John start to type his reply, but the computer clicks at him after each word. And, he notes, the screen is green and it says Spanish to English at the top! A touch changes it to English to Spanish.
John types his reply THIS PRICE BE EXCESSIVE! but it clicks after "excessive". Uh-oh, the computer did not know that word. Well, it is a bit uncommon. John erases it (using the back-arrow next to the M.) He goes to replace it with TOO MUCH MONEY, but after TOO the white screen appears! John is confused, but then he remembers: I must have used an ambiguous word! I must look at the screen! And there in a big white box is:
John touches TOO MUCH and continues. (John seems slow to learn about the white screen, but it really happens this way.)
The translation is ESTO PRECIO SER DEMASIADO MUCHO DINERO.
Which is understood.
Eventually, Juana needs to use her phone for other things again, and wonders "How do I get out of this program? I want to get back to my spreadsheet work." Fortunately she sees the familiar “Little house” icon and touches it to return to her Home screen.
You can translate a document from your language to a foreign one by simplifying the ideas and translating in the usual way. But you cannot translate a document from a foreign language you don't know, to your own. Here's why:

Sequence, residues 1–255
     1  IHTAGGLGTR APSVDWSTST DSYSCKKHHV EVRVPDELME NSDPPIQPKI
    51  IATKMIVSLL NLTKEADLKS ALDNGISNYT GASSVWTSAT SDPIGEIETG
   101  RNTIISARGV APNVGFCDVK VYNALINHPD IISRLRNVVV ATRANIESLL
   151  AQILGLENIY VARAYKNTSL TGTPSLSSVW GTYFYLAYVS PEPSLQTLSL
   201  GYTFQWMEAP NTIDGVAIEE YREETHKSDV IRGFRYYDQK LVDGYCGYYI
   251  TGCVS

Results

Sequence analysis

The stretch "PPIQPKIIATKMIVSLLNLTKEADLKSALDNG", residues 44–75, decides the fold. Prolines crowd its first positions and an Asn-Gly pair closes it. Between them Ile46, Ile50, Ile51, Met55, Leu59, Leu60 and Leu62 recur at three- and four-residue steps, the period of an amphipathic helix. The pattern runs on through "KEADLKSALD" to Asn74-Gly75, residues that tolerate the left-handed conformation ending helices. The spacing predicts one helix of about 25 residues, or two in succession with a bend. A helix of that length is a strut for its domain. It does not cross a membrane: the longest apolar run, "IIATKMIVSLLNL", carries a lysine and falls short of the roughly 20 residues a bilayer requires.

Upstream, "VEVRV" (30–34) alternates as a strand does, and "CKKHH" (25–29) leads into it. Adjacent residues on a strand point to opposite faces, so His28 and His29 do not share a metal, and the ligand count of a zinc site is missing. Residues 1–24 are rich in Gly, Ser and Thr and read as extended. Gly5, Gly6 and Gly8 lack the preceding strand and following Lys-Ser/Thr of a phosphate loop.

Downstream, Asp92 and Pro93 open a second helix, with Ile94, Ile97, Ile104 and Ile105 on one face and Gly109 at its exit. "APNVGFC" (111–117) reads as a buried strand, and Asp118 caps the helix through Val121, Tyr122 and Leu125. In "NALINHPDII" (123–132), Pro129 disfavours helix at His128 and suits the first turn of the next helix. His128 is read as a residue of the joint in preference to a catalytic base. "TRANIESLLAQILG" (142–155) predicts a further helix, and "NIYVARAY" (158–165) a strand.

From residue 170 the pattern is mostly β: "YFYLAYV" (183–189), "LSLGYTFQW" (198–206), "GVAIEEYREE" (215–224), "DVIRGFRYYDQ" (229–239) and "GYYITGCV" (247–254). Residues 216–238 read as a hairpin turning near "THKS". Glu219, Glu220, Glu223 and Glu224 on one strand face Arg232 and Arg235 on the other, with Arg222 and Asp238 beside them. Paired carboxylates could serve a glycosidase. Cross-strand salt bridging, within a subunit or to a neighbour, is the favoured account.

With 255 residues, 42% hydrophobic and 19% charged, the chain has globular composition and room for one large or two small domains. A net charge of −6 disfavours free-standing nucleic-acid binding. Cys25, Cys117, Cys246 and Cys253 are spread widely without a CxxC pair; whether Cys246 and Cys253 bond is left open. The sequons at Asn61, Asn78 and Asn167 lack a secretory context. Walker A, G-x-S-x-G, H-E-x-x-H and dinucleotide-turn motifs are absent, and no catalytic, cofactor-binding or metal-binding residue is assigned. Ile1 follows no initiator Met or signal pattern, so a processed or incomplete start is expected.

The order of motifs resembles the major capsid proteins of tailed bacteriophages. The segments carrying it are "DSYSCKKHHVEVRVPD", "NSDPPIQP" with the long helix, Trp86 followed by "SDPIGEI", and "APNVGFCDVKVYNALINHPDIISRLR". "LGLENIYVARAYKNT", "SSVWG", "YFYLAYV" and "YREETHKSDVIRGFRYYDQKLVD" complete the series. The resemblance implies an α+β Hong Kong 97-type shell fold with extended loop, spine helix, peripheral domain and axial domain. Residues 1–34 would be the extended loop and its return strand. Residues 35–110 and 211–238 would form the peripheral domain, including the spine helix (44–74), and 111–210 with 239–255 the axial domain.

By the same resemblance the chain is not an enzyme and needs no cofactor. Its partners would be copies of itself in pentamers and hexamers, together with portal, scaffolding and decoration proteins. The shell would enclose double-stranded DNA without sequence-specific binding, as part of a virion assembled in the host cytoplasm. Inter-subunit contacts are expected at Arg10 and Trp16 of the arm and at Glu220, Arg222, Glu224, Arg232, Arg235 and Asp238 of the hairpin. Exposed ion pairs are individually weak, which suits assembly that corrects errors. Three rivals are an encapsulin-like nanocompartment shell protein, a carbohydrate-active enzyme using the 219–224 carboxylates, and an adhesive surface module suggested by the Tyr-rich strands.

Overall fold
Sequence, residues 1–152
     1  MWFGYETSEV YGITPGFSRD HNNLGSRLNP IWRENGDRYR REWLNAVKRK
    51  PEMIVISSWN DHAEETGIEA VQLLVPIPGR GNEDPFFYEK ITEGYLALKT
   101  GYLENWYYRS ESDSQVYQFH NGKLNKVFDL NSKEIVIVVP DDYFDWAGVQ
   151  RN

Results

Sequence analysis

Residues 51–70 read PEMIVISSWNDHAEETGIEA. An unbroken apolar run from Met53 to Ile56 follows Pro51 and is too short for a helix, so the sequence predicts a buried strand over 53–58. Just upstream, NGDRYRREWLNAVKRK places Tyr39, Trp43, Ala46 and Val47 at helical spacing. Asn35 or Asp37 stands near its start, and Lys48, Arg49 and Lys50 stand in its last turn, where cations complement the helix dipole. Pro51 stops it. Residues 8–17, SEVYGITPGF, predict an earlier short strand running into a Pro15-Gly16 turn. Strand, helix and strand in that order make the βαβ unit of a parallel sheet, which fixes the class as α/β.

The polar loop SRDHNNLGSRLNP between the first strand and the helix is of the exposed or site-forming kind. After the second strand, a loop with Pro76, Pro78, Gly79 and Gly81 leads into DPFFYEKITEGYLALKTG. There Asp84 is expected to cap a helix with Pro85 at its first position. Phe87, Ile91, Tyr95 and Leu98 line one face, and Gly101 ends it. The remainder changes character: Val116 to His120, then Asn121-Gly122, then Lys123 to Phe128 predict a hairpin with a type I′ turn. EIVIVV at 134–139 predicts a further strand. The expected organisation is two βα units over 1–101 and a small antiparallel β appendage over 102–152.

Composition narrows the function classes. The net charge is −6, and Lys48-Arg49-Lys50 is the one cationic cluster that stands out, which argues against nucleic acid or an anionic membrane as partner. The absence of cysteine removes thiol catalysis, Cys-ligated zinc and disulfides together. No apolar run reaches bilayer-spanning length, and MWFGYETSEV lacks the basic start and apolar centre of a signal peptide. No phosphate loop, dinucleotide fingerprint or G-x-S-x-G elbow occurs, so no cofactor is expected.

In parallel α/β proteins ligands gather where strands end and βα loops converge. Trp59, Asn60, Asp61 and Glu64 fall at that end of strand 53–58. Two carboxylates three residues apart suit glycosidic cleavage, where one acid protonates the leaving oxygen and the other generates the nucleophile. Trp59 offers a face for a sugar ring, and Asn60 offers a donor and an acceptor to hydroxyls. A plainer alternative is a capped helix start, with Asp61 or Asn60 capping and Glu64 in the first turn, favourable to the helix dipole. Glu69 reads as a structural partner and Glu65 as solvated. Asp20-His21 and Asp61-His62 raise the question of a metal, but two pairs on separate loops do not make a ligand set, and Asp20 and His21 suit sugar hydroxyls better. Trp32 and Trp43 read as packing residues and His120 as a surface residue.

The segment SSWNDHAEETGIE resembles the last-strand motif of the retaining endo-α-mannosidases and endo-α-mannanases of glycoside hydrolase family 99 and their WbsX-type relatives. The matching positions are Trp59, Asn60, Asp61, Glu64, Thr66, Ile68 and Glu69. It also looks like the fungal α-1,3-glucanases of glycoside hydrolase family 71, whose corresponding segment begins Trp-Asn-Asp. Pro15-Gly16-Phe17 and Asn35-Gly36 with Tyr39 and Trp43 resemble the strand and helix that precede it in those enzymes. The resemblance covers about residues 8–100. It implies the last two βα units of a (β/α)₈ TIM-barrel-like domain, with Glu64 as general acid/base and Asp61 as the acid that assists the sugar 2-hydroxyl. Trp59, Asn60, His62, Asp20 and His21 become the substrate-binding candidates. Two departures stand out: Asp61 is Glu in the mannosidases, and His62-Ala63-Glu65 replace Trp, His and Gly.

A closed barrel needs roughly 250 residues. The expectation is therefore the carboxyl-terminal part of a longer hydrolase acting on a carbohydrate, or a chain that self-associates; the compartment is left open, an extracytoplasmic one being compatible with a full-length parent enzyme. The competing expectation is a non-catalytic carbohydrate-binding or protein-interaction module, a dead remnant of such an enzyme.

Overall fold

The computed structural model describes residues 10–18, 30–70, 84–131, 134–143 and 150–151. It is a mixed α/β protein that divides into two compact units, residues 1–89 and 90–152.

Suppose you start typing in a foreign document. You type BSZAGY-- and the computer clicks to show it doesn't know the word. Is this because the word is a plural, like GEESE instead of GOOSE? If so, how do you make it singular? Is it because it's a conjugated verb, like WENT instead of GO? If so, how do you make it the infinitive form, GO, as required? Or is BSZAGY an uncommon word, like ORDINARILY, and what would be a more common one, like USUALLY? If you don't know the language your task is impossible.
So you can't translate a document from a foreign language to your own, say English. However, for a foreigner it's easy. The foreigner need not speak a word of English -- you don't need an expensive translator -- he need only speak his own language and be able to read and use the simple rules (and grammatically correct translations of the rules are provided in all languages.) This means practically anyone can translate for you: a secretary, a starving student, even the twelve year old daughter of your foreign friend.
Entente is some help in this regard, but it still won't let you do the translation. Google Translate, Babelfish, Alatavista etc. are excellent for documents. They are usually grammatical and have huge vocabularies. So use them for documents. But they are rather slow for spontaneous translations of "Run! Our train leaves in 1 minute!", so use Entente for that.
You can try the best document translator at google.com, which is always free. Document translators often do a good job but then make funny, fascinating mistakes. They are interesting...
Try Entente by clicking here for the free demo version, for English & Spanish only. It has a slightly smaller vocabulary than the standard, 3200 words instead of 3500, but otherwise is the same. You can install it and be using it in five minutes, and no amount of reading about a program will tell you as much as actually using it!